Stronger security and disaster planning fuel healthcare's migration to the cloud
Healthcare did not lead the charge into the cloud. But it has been making up for lost time. The use of cloud platforms has grown substantially within healthcare provider organizations.
A recent HIMSS Analytics survey of provider C-suite executives found that more than half are using Infrastructure-as-a-Service (Iaas) cloud platforms to provide an environment for a wide range of uses ranging from hosting internally developed programs to a running fully functional EHR.
HIPAA privacy and security concerns were one reason for the slow start. But once HHS provided clear guidance on how to address PHI issues and work through Business Associate (BA) relationships, everything changed.
Today, very few healthcare CIO’s consider security a reason to avoid the cloud. Quite the opposite. The HIMSS Analytics survey found that disaster preparedness is now one of the leading reasons why healthcare CIO’s are making the decision to shift resources onto cloud platforms. The savings are compelling. Why rent storage in a redundant data center to maintain a fully functioning backup when you can pay for only what you need in the cloud?
“You don't have to worry about your infrastructure and data center,” said Jason Bickford, Applications Director of Health Information Management Systems at Banner Health and president of the HIMSS Arizona Chapter. “Cloud-based is the right way to go.”
Disaster recovery in the cloud also has value as a stepping stone on the way to moving production-level clinical applications into a cloud environment. The logic is compelling. Once the backup clinical application has been confirmed to be running smoothly in parallel, the cloud option has proved itself reliable, so why not take advantage of the potential savings?
That is not to say that security isn’t a priority. After budget limitations, HIMSS Analytics survey respondents cited security concerns as a reason to move slowly toward the cloud.
“Regardless of whether a solution is hosted in your own data center or in the cloud, security should be a critical factor in your review,” advises Susan Snedaker, Director, IT Infrastructure & Operations at Tucson Medical Center and author of the book IT Security Management. “There’s nothing inherently more or less secure about a cloud option, but some cloud-based solutions may not meet today’s stringent security requirements.”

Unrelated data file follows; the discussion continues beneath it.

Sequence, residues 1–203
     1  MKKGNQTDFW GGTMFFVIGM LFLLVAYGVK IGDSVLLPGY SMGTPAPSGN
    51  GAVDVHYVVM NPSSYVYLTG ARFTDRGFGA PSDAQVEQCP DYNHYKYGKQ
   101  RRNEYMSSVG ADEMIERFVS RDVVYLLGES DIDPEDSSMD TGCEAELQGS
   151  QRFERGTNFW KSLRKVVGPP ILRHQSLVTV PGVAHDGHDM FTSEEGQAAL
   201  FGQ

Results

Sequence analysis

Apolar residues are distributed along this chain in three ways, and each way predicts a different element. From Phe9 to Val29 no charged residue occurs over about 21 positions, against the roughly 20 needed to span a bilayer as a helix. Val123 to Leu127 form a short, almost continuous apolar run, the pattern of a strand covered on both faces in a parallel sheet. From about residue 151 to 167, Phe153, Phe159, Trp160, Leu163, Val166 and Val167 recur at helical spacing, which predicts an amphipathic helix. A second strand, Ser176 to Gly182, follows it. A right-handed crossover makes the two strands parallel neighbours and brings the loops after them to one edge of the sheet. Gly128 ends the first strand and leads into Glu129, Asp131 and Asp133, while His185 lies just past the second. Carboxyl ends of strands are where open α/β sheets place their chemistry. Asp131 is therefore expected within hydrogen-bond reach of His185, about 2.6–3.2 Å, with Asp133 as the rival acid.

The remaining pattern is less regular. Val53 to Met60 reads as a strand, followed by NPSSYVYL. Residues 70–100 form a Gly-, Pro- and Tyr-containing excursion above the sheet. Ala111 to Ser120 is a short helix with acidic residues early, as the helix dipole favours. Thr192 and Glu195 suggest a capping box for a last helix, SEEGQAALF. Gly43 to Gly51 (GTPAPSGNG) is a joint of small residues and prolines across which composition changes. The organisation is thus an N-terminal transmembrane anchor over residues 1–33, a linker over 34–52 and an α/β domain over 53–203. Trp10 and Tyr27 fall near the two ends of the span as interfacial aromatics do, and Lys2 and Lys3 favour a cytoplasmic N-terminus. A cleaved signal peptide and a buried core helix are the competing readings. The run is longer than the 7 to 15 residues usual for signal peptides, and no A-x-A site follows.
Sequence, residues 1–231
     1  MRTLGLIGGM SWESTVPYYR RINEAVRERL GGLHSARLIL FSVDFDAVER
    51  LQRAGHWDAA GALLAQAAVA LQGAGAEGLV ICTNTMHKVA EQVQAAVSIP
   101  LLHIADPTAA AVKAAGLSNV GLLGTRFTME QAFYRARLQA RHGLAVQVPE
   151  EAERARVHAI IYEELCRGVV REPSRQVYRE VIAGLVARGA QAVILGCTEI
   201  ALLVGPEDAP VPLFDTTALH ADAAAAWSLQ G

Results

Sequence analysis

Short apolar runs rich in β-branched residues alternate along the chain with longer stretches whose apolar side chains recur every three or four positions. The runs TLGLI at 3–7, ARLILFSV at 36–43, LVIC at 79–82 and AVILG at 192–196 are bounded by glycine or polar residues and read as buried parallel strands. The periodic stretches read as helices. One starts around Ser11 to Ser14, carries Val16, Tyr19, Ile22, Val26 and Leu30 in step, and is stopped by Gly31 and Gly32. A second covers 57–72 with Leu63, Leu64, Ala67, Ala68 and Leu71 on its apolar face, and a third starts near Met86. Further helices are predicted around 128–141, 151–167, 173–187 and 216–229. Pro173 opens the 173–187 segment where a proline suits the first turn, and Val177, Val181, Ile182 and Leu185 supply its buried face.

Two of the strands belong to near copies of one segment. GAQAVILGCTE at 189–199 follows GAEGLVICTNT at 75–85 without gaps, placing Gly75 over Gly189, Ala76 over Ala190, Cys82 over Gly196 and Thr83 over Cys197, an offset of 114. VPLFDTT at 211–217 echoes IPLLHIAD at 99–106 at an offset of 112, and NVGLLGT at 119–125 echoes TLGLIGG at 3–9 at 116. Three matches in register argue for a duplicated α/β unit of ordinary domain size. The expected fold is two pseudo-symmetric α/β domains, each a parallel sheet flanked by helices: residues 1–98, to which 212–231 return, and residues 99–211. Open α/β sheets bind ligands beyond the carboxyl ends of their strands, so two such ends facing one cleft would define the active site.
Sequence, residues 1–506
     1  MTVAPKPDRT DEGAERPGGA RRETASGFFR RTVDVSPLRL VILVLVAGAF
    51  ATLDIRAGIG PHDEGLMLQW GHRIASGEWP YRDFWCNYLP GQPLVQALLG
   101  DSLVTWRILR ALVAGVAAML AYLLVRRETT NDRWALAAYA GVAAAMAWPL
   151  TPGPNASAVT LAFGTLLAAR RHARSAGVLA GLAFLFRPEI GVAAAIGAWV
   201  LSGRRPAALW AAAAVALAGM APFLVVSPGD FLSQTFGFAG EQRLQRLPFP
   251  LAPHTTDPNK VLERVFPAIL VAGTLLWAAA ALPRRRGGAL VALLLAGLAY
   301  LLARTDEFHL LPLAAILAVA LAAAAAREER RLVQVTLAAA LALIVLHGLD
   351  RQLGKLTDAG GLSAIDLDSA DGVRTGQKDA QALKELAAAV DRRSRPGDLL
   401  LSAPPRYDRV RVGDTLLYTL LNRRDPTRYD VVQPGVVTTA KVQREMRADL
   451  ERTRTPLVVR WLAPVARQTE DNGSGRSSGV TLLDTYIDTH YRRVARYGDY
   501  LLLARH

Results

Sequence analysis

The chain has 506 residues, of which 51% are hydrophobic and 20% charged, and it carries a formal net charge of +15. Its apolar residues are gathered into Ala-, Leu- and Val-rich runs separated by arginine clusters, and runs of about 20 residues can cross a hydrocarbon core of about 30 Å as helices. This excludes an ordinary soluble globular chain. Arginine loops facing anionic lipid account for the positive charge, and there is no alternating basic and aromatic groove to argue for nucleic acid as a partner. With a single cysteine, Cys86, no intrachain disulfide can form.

In selecting a cloud platform vendor, Snedaker advises a careful review of the vendor’s documentation and contracts. Pay attention to the provider’s security program and make sure that audits take place on a regular basis.
“If your database is going to be hosted on the same server as another database from another company, what happens if the other database is attacked? Can the attacker then gain access to your data?” Snedaker says. “Be sure to understand the specifics of the hosting solution so you are clear about your vulnerabilities. Then take steps to mitigate them – select a different solution, select a different hosting model, ask the vendor to modify policies, processes, procedures, access methods, etc. or accept the risk if it cannot be overcome and there are no better options.”
Security consultant Tod Ferran of Halock Security Labs has performed audits of the large cloud platforms, Microsoft, Amazon and Google, and found the services are maintaining a very high level of security. “In many ways,” Ferran said, “the cloud is a better choice because many hospitals can’t afford the staff to make their systems secure enough.”
As the nature of risk has changed, so has the value equation. Strong security means constant maintenance of operating systems and applications with the healthcare enterprise. HIT managers can gain peace of mind from knowing the updates are being performed by a vendor that is guaranteeing round-the-clock support, rather than by a hospital staff already stretched with aggressive internal project loads.
Many healthcare providers use multiple cloud vendors, cherry picking among the different options to align with specific demands of each application.
“Organizations are not putting all their eggs in one basket,” said Sandra Yu, cloud client executive at CDW. “It’s a multi-cloud world.” CDW partners with a wide number of cloud hosts in providing managed cloud services, so Yu has experience with many vendors.
“If you have needs for hyper computing, we would recommend a public hyper-scalar for that,” she said. For PHI she would recommend a private cloud.
When it comes to applications that have a heavy computational workload, you need to be sensitive to the cloud’s latency and so she would recommend a cloud data center that is geographically closer. But for something that is not PHI-sensitive, she would recommend a public cloud where the costs should be lower.
“The clinical apps that can work well in the cloud are typically those that are not transferring large files or data streams,” Snedaker says. “If you’re going to host a data intensive clinical application in the cloud, you should be sure you have the right connectivity solution in place.”
When factoring in all of the reasons to move to the cloud, in the end, cost is still a prime motivation. The savings are derived not only from reducing the cost of maintaining data centers. The pricing for IaaS continues to go down.
“It’s like a race to the bottom,” Yu said, noting that when one of the major vendors lowers its price, the others are quick to match it. Pricing among the leading public cloud vendors is generally on par now, so decisions should be made after shopping for the services and support that you’ll need. Pay as you go options are readily available, so trials are simple to setup.